Please be aware of a new line of cases, at the Judges of Compensation Claims level, and the quick reaction of the Claimant’s Bar to try to exclude favorable opinions of authorized doctor

Florida Statute 440.13 (13)(d) requires that fees charged for medical care not exceed the fee schedule, unless there is a written agreement that the doctor will do certain extra services.  The Statute mentions, as a reason to depart from the fee schedule, the doctor agrees “to follow identified procedures aimed at providing quality medical care to injured works at reasonable costs.”  The Statute goes on to say that the doctor also agrees to “the timely scheduling of appointments for injured workers, participating in return-to-work programs with injured workers’ employers, expediting the reporting of treatments provided to injured workers, and agreeing to continued education, utilization review, quality assurance, precertification, and case management systems that are designed to provide needed treatment for injured workers.”

Judge Kerr, in Miami, recently ruled (in Padron v Majestic Mirror & Frame & Associated Industries Insurance Company, OJCC #14-004606, 07/07/2015) that the opinions of the authorized doctor were not admissible in evidence since he was paid in excess of the fee schedule and the Employer/Carrier did not present any evidence of why a departure from the fee schedule was warranted under F.S. 440.13(13)(d).

We have seen Claimants’ attorneys throughout the State trying to use this tactic to exclude medical opinions that are not favorable to their clients.

We understand that you often have to agree to pay above the fee schedule to get qualified doctors on a claim and have the following suggestions to avoid having favorable opinions excluded from evidence:

~ Consider notifying the doctor, in writing, that in exchange for agreeing to pay above the fee schedule that she/he is agreeing to follow identified procedures aimed at providing quality medical care to injured workers at reasonable costs and agrees to the timely scheduling of appointments for injured workers, participating in return-to-work programs with injured workers’ employers, expediting the reporting of treatments provided to injured workers, and agreeing to continued education, utilization review, quality assurance, precertification, and case management systems that are designed to provide needed treatment for injured workers.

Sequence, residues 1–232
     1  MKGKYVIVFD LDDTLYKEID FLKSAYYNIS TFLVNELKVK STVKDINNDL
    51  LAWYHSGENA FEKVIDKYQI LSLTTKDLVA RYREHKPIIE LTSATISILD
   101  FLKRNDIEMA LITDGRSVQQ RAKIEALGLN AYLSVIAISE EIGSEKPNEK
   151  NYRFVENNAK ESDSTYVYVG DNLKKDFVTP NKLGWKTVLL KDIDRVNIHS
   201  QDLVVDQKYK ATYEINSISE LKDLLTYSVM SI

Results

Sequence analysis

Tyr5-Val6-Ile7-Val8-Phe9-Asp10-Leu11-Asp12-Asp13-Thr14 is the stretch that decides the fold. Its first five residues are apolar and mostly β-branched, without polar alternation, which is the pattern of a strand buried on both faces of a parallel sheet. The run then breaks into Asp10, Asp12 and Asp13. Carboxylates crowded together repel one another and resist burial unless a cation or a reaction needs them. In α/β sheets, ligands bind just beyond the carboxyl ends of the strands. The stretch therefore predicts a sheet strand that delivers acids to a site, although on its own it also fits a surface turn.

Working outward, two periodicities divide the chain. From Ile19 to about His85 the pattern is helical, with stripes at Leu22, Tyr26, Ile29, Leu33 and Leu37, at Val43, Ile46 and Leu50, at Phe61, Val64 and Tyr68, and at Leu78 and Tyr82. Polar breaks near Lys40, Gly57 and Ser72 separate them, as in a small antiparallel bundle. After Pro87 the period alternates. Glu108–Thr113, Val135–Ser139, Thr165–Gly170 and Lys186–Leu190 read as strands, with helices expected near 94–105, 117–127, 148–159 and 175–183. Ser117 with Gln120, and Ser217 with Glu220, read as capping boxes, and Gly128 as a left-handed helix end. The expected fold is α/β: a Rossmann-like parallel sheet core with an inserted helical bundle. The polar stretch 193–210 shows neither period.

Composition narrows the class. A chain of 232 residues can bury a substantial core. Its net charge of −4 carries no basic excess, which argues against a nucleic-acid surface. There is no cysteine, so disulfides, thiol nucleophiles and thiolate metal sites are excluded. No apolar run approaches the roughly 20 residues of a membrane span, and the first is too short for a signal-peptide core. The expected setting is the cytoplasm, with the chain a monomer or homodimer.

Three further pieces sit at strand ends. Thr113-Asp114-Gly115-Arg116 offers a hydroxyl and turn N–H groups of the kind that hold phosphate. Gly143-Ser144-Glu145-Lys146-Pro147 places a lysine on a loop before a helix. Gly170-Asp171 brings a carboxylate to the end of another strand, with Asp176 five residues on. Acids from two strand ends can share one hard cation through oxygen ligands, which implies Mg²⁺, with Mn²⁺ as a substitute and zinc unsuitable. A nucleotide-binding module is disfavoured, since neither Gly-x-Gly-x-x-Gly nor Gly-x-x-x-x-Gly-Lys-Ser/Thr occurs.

~ Document in your claims notes and notify your defense attorneys when you have agreed to pay a doctor in excess of the fee schedule so your attorneys can make sure that it is documented that the doctor agrees to do the extra services that warrant a departure from the fee schedule.

We would be happy to help you draft a letter to send to doctors who charge above the fee schedule which explains the Statute and what we need from them to be able to pay the charges they demand.

DISCLAIMER: The contents of this article are intended for informational purposes only. It is not intended as legal advice and should not be construed as such. Unauthorized use of the information and material contained herein is at the user’s own risk.

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